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Wed Dec 2, 2015, 08:48 PM

Venezuela’s electoral system is being unfairly maligned

Venezuela’s electoral system is being unfairly maligned

Caracas is experiencing rising discontent fueled by economic woes. But it hasn’t had trouble holding clean elections

November 30, 2015 2:00AM ET
by Lauren Carasik - @LCarasik

On Dec. 6 Venezuelans will go to the polls to elect their representatives in high-stakes legislative elections. The vote comes amid international scrutiny over the integrity of the country’s electoral process. The U.S. government, the Organization of American States (OAS) and human rights groups have all called for credible elections. Some in the U.S. media have already indicted the elections’ validity.

But these critics ignore the fact that thousands of domestic observers and hundreds of international monitors from the Union of South American Nations and other groups have already signed on to oversee the elections. It is clear that much of the diplomatic posturing is not meant to protect Venezuela’s electoral integrity but to further delegitimize the government of President Nicolás Maduro.

No election system is perfect, but Venezuela has one of the most efficient, secure and transparent electoral systems. “The election process in Venezuela is the best in the world,” said former President Jimmy Carter in 2012 — praise echoed by other neutral observers.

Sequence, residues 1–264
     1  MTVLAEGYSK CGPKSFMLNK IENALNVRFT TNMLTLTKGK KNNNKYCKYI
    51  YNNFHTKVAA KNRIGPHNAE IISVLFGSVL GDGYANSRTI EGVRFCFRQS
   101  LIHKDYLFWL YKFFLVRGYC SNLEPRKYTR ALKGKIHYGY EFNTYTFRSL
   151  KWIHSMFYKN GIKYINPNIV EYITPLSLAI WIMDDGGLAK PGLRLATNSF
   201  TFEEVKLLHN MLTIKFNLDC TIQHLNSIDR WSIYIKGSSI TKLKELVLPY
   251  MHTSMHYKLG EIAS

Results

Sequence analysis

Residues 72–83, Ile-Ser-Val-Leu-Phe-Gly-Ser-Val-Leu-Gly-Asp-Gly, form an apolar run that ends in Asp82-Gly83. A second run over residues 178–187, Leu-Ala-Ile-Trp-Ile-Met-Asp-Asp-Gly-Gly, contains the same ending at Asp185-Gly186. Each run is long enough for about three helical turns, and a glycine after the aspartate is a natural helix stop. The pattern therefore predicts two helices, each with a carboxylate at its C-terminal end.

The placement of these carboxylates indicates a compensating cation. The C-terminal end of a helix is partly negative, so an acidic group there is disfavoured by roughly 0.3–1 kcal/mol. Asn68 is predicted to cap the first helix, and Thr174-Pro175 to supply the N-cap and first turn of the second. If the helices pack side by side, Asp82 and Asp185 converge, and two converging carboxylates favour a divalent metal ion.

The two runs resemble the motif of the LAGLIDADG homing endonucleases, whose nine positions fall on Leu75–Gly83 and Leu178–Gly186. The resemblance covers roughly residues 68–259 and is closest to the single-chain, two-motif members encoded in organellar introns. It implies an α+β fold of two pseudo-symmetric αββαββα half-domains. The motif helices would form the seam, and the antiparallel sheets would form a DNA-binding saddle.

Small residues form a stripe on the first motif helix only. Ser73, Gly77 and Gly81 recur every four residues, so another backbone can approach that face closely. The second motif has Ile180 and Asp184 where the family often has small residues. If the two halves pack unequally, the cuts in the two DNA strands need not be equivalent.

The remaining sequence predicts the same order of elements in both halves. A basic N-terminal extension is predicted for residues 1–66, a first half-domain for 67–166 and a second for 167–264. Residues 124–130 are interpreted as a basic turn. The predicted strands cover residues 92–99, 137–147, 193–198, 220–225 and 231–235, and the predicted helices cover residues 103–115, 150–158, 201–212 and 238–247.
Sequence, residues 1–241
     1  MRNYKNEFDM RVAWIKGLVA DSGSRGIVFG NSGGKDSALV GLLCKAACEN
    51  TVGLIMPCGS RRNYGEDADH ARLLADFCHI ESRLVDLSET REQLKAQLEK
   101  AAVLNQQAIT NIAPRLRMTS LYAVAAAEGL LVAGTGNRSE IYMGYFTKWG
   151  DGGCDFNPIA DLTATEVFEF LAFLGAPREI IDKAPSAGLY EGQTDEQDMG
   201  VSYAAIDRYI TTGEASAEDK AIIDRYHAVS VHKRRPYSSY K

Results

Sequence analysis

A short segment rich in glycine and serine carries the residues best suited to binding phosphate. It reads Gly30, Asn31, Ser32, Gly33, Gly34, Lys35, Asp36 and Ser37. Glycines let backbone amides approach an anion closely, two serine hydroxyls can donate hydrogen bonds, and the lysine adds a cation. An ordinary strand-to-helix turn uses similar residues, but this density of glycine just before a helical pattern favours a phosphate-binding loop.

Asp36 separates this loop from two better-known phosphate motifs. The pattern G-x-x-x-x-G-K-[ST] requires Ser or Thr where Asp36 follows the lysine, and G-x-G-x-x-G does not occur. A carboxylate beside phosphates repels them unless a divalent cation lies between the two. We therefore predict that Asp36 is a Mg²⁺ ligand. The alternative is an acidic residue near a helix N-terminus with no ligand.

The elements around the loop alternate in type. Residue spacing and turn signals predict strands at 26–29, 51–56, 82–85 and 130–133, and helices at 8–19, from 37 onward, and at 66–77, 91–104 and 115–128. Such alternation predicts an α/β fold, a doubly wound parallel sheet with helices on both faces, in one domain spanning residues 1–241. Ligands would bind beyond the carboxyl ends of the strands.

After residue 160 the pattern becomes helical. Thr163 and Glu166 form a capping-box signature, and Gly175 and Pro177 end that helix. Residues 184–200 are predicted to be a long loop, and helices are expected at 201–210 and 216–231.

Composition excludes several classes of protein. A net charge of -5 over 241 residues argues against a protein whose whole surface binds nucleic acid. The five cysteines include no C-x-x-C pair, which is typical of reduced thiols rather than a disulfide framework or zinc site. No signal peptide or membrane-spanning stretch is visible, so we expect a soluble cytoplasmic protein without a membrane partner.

Venezuelan voters use electronic machines, which print out a paper receipt that allows voters to check their choices against the electronic ballot. After voting has ended, 54 percent of machines are audited at random, in the presence of witnesses from pro-government and opposition political parties, and compared with a tally of paper receipts. The National Electoral Council (CNE) has implemented additional safeguards and audits, making the process more inclusive than ever before, with 96.5 percent of eligible Venezuelans registered to vote (compared with fewer than 76 percent of eligible Americans).


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